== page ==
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9 Frightening Things About America's Biggest Police Force

The NYPD has expanded into a massive global anti-terror operation with surveillance and military capabilities unparalled in the history of local US law enforcement.

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In May, the police made headlines over the brutal beating of 19-year-old Bronx resident named Jateik Reed. A video captured four police officers kicking, punching and beating the the teenager with a police baton as he lay on the ground handcuffed (read Kristen Gwynne's reporting on the incident here.)

Some of the cases of brutality are more creative, if not less sadistic. Another cop “strangled” a man’s penis with the drawstring of his pants, causing lacerations along the shaft that required emergency room attention. And, just in case you thought police brutality was limited to the human species, think again. Two NYPD officers were recently caught on camera in September shooting a homeless man’s dog.

But if you call death what it is--murder--the police take to the slanderous allegations none too kindly. In July, a duo of plainclothes officers wielded a pair of paint brushes to cover over a mural in Inwood that called the NYPD murderers, because, according to the wall’s property owner, “the police were upset about the mural and wanted it changed.”

7. Just a Numbers Game

For four friends in Brooklyn, it was supposed to be a relaxing 4th of July--just a few beers outside on the stoop--until the undercover police car showed up. In a desperate effort to hit their quotas, the two officers ticketed all four for public drinking--on their own front steps.

The NYPD’s quota system, which it claims it has already abolished, is rife with such absurdity. Recently, one cop was busted citing dead people with traffic violation tickets in an effort to meet his quotas. Another picked up a grandmother, who had never been arrested in her life, for prostitution when the woman was on her way to the hospital for an asthma attack.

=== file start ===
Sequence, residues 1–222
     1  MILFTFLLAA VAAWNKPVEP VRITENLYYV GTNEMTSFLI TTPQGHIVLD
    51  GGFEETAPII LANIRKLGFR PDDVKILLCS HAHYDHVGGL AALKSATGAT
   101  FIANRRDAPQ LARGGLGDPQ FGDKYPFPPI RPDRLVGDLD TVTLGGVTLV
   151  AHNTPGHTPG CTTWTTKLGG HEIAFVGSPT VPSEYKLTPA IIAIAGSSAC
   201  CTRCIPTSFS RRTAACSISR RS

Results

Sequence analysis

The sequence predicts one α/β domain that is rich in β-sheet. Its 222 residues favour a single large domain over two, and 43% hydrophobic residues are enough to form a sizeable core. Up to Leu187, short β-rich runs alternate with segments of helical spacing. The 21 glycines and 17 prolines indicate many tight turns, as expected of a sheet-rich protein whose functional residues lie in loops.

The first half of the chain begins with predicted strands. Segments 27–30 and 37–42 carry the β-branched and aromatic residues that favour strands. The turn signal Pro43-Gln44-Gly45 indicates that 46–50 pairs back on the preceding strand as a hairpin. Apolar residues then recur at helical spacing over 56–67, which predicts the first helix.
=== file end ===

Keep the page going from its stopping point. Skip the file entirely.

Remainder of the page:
Most insidiously, one former NYPD narcotics detective testified last year that he regularly watched fellow police officers plant drugs on people in order to hit their arrest quotas.

In April, a Federal judge agreed to a class action lawsuit filed against the NYPD under the allegation that the quota system “leads street cops to hand out summonses even when no crime or violation has occurred just to meet productivity demands from their bosses.”

Quotas lead to an absurdly high number of summonses--a half million per year--many of which are so ridiculous that about half are dismissed the moment the accused arrives at the courthouse. But the real problem is that they are racist. Think about it. You impose an absurdly high “goal” for the number of people police officers must stop in a multiracial city where power and money is still concentrated in the hands of whites, and you get racism faster than a Black man gets busted for shoplifting in Bloomingdales. Even a criminal court judge in Brooklyn admitted this fact when faced with yet another defendant charged with drinking in public this past June.

“As hard as I try,” he wrote, “I cannot recall ever arraigning a white defendant for such a violation.”

In 2011, the NYPD issued nearly 125,000 summonses for drinking in public--some issued against people who were sitting in the doorway of their own homes. Drinking in public was the most-issued summons and about a quarter of the half-million summons the force issued in total.

And then there were the additional 700,000 "stop and frisks", more than 80 percent committed against black or brown residents. The department has defended the practice as an effective way to get guns off the street, but guns are found in a minuscle number of cases, less than 0.2 percent according to the NYCLU. Nine out of 10 people stopped have been innocent. What the practice does accomplish, is "corrode trust between the police and communities, which makes everyone less safe," as the NYCLU points out. Th e searches are often abusive, violent and demeaning.

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